As Labor Struggles, Have the Big Rights and Liberties Groups Like the ACLU Deserted Unions?
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Progressive intellectuals have been acting very bipolar towards labor lately, characterized by wild mood swings ranging from the “We’re sorry we abandoned labor, how could we!” sentiment during last year’s Wisconsin uprising against Koch waterboy Scott Walker, to the recent “labor is dead/it’s all labor’s fault” snarling after the recall vote against Gov. Walker failed.
It must be confusing and a bit daunting for those deep inside the labor movement, all these progressive mood swings. At the beginning of this month, New York Times’ columnist Joe Nocera wrote a column about having a “V-8 Moment” over the abandonment of labor unions, an abandonment that was so thorough and so complete that establishment liberals like Nocera forgot they’d ever abandoned labor in the first place!
The intellectual-left’s wild mood swings between unrequited love towards labor unions, and unrequited contempt, got me wondering how this abandonment of labor has manifested itself. While progressives and labor are arguing, sometimes viciously, over labor’s current sorry state, one thing progressives haven’t done is serious self-examination on how and where this abandonment of labor manifests itself, how it affects the very genetic makeup of liberal assumptions and major premises.
So I did a simple check: I went to the websites of three of the biggest names in liberal activist politics: Amnesty International, Human Rights Watch, and the ACLU. Checking their websites, I was surprised to find that not one of those three organizations lists labor as a major topic or issue that it covers.
Go to Amnesty International’s home page at www.amnesty.org. On the right side, under “Human Rights Information” you’ll see a pull-down menu: “by topic.” Does labor count as a “Human Rights topic” in Amnesty’s world? I counted 27 “topics” listed by Amnesty International, including “Abolish the death penalty”, “Indigenous Peoples”, “ “Children and Human Rights” and so on. Nowhere do they have “labor unions” despite the brutal, violent experience of labor unions both here and around the world. It’s not that Amnesty’s range isn’t broad: For example, among the 27 topics there are “Women’s rights”, “Stop Violence Against Women” and “Sexual Orientation and Gender Identity”. There’s even a topic for “Business and Human Rights”—but nothing for labor.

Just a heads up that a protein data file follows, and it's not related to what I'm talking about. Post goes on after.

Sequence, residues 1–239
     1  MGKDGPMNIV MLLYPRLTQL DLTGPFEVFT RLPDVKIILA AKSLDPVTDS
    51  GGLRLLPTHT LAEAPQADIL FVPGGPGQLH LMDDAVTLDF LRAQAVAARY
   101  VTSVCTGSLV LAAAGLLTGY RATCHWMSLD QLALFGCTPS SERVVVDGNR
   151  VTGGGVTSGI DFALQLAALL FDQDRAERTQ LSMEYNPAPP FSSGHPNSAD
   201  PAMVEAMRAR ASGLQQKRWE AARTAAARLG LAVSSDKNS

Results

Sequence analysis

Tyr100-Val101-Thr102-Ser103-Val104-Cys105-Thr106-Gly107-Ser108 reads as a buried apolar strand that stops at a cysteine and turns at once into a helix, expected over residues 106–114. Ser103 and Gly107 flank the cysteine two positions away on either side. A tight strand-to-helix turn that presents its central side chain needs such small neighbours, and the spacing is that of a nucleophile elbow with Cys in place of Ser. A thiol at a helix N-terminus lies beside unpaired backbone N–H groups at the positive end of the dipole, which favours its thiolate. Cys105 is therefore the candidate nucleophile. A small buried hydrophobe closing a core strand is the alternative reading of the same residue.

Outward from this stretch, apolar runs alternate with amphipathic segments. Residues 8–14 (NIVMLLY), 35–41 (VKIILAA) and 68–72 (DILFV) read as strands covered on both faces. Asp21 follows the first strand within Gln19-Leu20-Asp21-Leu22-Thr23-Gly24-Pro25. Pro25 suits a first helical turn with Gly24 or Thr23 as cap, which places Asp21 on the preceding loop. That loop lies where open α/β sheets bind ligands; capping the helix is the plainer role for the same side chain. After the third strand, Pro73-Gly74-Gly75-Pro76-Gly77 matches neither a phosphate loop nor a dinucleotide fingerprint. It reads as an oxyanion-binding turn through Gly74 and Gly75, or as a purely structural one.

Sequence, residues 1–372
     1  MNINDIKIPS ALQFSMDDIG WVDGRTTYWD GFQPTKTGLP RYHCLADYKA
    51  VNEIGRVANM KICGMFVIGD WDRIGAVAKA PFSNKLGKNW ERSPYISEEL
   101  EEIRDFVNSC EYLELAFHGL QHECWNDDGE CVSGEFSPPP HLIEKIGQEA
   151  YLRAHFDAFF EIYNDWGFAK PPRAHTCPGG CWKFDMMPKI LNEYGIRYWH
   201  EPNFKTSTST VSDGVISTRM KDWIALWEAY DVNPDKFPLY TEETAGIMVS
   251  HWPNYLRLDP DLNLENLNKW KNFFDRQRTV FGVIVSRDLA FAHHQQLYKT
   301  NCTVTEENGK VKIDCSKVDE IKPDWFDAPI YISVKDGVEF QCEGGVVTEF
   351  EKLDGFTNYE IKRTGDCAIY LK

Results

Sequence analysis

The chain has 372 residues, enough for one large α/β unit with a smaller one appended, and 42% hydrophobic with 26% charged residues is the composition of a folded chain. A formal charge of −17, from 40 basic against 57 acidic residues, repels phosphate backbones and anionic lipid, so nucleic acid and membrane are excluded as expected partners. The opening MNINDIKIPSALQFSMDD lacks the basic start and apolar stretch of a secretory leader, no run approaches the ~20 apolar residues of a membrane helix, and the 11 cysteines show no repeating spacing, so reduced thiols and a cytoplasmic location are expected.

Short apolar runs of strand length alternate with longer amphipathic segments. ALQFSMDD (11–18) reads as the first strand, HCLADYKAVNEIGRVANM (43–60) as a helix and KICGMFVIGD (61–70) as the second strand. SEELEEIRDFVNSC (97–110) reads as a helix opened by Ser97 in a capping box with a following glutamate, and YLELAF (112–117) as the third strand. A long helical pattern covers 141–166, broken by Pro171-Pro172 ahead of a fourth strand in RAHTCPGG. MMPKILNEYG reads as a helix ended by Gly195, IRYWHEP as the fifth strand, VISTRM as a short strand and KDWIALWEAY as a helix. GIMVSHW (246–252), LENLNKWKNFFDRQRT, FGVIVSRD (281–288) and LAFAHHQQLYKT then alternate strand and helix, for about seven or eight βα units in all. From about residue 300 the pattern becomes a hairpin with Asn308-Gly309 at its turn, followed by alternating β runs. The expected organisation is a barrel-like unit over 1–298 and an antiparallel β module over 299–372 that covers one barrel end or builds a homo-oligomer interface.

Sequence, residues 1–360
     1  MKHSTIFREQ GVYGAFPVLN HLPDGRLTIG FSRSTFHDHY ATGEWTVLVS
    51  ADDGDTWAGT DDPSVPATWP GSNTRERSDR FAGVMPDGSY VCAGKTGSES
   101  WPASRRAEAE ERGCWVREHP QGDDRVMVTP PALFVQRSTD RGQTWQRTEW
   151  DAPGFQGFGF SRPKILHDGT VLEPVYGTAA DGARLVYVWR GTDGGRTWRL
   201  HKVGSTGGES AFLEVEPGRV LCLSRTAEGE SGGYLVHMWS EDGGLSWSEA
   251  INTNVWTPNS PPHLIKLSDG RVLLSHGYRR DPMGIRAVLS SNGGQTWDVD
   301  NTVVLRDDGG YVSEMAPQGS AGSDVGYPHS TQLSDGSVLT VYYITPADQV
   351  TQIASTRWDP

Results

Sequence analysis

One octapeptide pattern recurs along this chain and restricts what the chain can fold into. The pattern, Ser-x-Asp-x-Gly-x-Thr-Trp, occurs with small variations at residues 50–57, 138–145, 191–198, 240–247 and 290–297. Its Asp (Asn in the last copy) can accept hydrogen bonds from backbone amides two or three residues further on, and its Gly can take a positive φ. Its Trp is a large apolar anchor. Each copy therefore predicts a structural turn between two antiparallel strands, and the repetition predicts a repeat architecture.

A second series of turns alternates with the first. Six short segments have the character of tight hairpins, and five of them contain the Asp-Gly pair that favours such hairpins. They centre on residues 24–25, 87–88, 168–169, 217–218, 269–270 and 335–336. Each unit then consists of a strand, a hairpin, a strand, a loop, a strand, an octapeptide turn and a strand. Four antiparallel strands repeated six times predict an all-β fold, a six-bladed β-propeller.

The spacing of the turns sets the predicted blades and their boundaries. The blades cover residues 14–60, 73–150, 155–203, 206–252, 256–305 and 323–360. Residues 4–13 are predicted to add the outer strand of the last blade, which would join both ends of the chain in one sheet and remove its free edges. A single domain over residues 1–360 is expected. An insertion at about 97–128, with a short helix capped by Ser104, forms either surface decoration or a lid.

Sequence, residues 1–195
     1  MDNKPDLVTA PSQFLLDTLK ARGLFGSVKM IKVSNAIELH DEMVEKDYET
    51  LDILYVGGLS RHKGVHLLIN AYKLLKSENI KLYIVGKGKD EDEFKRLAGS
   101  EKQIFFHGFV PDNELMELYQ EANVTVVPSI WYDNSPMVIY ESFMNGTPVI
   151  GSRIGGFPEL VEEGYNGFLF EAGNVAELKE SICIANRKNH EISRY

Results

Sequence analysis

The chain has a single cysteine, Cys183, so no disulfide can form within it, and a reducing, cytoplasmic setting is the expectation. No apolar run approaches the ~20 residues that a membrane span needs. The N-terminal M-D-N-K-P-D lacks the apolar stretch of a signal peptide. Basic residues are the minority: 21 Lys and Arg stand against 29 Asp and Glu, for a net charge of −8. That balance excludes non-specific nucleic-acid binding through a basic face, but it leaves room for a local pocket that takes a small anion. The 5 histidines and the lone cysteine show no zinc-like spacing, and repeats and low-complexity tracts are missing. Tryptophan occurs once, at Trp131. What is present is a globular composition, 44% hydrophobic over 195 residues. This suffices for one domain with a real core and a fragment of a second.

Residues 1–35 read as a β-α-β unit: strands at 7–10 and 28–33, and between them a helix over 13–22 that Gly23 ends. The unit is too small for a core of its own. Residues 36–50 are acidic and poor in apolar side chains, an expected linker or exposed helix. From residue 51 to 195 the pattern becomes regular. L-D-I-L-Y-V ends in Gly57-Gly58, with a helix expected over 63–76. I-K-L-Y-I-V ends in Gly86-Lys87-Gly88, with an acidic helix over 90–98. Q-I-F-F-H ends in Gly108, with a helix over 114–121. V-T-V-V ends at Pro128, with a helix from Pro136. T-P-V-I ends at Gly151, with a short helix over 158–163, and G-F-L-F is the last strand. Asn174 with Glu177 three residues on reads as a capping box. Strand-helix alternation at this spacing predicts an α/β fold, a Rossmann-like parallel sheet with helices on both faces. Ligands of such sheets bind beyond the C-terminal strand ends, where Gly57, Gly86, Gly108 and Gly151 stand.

Puzzled, I called Alex Edwards, Amnesty’s Media Relations guy in Washington DC, to ask him why labor unions didn’t rate important enough as a “topic” on Amnesty’s “list of topics.” Edwards was confused, claimed that he was totally unaware that there was a “list of topics” on Amnesty’s home page, and promised to get back to me. I haven’t heard back from him.
Next, I checked Human Rights Watch. From my experience in Russia and Eastern Europe, I’ve learned to expect less from HRW than I would from Amnesty—my memory of HRW during the Kosovo conflict and in others is that, when called to, HRW acts as a propaganda arm for the liberal hawk war party. But HRW has also done a lot of important good work in areas not covered by the press, and they’re certainly better than most—so does Human Rights Watch consider labor unions an important human rights issue?
Checking Human Rights Watch’s homepage (www.hrw.org), there’s a tab listing “topics”—14 topics in all. Once again, labor is not listed among Human Rights Watch’s covered “topics.” Instead, Human Rights Watch lists everything from “Children’s Rights” to “Disability Rights” to “LGBT Rights” and “Women’s Rights”—along with “Terrorism”, “Counterterrorism” and, I shit you not, “Business”—as vital human rights topics. But not labor. “Business”—but not “Labor.”
On the advice of an old friend, Jan Frel, I read an excellent book on the human rights industry, James Peck’s “ Ideal Illusions,” which helps answer why labor rights have been airbrushed out of the language of human rights. It wasn’t always this way: Economic rights and workplace rights were for decades at the very heart of the human rights movement. This was officially enshrined in 1948, when the United Nations adopted a 30-point “ Universal Declaration of Human Rights” putting labor rights and economic equality rights alongside those we’re more familiar with today, like freedom of expression, due process, religion and so on. But somehow, labor rights and economic justice have been effectively amputated from the human rights agenda and forgotten about, in tandem with the American left’s abandonment of labor.